A reliable and adequate supply of energy, especially in the form of electricity, is an indispensable element for the promotion of economic and social development of any county.
Based on this fact, providing a safe and reliable supply of energy in an economic acceptable form is an essential political, economic and social requirement.
A country cannot grow, from an economic and social point of view, if the energy system, particularly the electricity generating system, is not capable to provide the energy that the country need.
When deciding on how to expand the electricity generating system of any given country, the government and the national energy industry would have to carry out comprehensive assessments of all the energy options available in the country, with the purpose to identify those that are in conditions to be used economically.
“The reasons for choosing a specific option will differ from country to country, depending on local and regional energy resources, technological capabilities, availability of finance and qualified personnel, environmental considerations and the country’s overall energy policy”.
It is important to note that if a country is considering the introduction of a nuclear power program, then it should have an energy development plan covering the whole energy system and, in particular, the electricity supply system.
This plan should be prepared on the basis of an overall energy optimisation that includes not only a secure supply mix of different energy sources but also environmental considerations, decommissioning costs, the management of nuclear waste and the possibilities of energy conservation and efficiency improvements.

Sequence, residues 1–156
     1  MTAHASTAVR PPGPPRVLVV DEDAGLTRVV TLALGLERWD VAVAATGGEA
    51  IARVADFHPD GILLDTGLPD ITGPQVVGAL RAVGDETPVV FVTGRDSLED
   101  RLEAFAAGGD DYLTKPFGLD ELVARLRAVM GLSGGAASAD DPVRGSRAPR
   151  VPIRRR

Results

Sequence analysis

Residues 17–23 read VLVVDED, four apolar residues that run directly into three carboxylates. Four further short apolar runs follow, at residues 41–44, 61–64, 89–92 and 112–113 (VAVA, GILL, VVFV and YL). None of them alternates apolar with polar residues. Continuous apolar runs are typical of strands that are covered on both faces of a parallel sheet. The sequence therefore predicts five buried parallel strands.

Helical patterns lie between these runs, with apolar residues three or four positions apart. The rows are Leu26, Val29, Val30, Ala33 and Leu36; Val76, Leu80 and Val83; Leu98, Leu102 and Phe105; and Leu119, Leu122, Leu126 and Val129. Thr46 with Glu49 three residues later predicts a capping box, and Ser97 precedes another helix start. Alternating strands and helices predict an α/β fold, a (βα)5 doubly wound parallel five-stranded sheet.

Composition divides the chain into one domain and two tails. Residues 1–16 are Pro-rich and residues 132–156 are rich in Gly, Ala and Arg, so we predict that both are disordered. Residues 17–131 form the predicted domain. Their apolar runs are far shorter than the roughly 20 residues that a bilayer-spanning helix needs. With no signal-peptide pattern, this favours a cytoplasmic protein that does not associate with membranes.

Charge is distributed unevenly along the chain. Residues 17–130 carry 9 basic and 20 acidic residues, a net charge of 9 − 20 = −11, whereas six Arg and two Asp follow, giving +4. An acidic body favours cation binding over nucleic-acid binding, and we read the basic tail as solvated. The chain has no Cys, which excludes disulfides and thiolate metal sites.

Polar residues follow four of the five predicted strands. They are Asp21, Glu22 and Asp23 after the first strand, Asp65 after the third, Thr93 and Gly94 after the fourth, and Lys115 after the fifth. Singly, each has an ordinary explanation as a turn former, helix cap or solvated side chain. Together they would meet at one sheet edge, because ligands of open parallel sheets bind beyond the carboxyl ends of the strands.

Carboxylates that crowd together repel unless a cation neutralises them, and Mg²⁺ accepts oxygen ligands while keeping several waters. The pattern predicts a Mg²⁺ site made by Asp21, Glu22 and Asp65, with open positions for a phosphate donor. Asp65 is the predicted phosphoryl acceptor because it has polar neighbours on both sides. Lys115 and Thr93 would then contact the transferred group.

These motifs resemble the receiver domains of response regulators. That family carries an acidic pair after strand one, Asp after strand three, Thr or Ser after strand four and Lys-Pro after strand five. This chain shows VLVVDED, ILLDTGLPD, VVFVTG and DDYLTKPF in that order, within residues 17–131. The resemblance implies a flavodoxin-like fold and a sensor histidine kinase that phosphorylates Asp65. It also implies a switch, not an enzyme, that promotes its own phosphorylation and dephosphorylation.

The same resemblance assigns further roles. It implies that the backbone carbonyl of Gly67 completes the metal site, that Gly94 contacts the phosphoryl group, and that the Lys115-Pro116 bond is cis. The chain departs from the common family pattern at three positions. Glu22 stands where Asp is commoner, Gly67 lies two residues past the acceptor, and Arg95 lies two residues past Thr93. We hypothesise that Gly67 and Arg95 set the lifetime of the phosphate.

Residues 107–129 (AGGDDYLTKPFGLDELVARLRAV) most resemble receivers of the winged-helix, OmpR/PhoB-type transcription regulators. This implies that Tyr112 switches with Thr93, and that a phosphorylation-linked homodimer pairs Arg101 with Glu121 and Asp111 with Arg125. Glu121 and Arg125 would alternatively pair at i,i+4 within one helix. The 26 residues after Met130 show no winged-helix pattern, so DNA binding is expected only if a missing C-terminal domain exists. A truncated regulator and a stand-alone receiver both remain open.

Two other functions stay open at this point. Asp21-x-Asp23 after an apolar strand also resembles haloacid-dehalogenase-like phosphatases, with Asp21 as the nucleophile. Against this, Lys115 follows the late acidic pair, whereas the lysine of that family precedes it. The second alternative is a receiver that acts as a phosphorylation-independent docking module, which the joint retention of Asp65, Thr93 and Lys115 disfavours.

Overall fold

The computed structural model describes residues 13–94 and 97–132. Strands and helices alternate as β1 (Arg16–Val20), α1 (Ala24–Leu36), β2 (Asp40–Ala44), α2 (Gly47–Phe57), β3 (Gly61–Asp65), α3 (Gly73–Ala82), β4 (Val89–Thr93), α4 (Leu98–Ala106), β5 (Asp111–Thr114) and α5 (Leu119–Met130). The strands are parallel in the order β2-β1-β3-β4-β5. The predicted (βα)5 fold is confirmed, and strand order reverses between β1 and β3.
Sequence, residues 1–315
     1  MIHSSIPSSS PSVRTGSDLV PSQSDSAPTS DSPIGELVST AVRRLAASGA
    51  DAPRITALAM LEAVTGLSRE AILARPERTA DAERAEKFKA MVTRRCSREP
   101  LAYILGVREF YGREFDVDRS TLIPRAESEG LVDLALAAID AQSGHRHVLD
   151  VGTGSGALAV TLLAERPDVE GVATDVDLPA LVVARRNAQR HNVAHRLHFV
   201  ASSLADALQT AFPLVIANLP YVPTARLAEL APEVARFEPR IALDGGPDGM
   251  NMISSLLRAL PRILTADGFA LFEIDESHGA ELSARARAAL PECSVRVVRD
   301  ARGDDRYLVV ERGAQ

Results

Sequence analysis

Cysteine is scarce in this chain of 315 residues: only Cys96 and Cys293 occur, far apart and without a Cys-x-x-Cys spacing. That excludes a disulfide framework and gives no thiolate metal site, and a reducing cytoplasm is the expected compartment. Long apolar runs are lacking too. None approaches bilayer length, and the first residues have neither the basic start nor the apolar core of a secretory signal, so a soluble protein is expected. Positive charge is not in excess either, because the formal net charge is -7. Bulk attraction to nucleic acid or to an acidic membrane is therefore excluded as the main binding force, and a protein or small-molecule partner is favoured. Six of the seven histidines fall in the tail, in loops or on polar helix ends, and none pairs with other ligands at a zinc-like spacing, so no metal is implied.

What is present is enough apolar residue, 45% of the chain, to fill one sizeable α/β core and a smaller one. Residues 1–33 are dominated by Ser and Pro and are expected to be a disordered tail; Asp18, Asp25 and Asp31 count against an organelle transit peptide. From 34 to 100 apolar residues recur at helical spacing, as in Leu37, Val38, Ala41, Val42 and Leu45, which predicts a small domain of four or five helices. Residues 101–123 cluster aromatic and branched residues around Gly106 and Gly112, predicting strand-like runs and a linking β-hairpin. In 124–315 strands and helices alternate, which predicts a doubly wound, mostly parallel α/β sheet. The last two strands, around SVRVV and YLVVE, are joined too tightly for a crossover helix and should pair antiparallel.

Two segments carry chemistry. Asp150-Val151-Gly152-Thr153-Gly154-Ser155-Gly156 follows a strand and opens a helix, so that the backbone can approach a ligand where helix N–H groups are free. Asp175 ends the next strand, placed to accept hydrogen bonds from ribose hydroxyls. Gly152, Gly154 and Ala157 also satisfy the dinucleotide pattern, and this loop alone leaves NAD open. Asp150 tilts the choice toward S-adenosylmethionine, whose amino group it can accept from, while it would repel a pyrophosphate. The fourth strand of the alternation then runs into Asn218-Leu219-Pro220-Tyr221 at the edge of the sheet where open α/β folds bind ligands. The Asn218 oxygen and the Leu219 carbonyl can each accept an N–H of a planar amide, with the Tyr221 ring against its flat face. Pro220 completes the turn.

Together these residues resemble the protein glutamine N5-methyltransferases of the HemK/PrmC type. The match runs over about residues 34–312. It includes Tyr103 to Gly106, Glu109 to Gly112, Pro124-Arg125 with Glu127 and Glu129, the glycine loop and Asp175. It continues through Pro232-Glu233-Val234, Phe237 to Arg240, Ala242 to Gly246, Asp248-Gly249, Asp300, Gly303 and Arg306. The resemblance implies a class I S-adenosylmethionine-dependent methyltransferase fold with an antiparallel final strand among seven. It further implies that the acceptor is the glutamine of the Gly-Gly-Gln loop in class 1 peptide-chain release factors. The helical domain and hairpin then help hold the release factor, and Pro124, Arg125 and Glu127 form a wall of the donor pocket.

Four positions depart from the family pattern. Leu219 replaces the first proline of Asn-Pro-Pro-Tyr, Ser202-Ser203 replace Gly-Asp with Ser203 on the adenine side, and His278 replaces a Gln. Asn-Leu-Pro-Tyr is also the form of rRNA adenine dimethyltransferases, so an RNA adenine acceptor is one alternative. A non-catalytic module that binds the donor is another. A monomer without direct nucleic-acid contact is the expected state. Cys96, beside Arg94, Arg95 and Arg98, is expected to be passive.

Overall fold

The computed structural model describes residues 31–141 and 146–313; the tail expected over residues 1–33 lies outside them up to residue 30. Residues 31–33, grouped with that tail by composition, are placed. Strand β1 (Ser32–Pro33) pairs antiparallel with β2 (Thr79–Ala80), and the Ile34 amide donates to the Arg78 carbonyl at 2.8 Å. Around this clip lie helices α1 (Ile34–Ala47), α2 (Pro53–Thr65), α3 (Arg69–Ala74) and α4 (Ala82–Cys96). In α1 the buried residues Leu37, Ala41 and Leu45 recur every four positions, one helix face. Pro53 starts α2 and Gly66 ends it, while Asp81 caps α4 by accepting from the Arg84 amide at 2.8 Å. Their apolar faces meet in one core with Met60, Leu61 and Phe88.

When a country is studying the introduction of a nuclear power program, the following basic criteria are fundamental to be considered:
1) “Nuclear power should be considered only when it is technically feasible and when it would be part of an economically viable long-term energy and electricity supply expansion strategy, considering all alternatives and relevant factors.
2) A nuclear power program should be launched only when it — and in particular, the first project —has a definite likelihood of being successful, i.e. it can be executed within the planned schedule and predicted financial limits and can be operated safely and reliably once in service.
3) A nuclear power project should be finally committed only on the basis of comprehensive planning, and after steps have been taken to meet all necessary supporting infrastructure requirements, including assurance of financing”.
Other issues that must be considered by the government and the national energy industry in the framework of an introduction of a nuclear power program in any given country are the following:
a) The economic competitiveness of the use of nuclear energy for electricity production in comparison with other available energy sources.
b) The safety aspects related with the licensing of a nuclear power plant and the development of a safety culture within the country.
c) The size of the electricity grids.
d) Proliferation considerations.
e) Environmental impact.
f)The cost involved for the construction of a nuclear power plant
g) The need for trained personnel and how this training is to be provided.
h) The technological capability to assimilate an advanced and demanding technology.
i)The safe management of the nuclear waste, particularly high nuclear waste.
j)The need to gain public and political acceptance.
k) The international and regional cooperation in the field of nuclear technology.
l)The decommissioning strategy to be used.
m) The nuclear fuel cycle to be selected based on the type of the nuclear power reactor choose.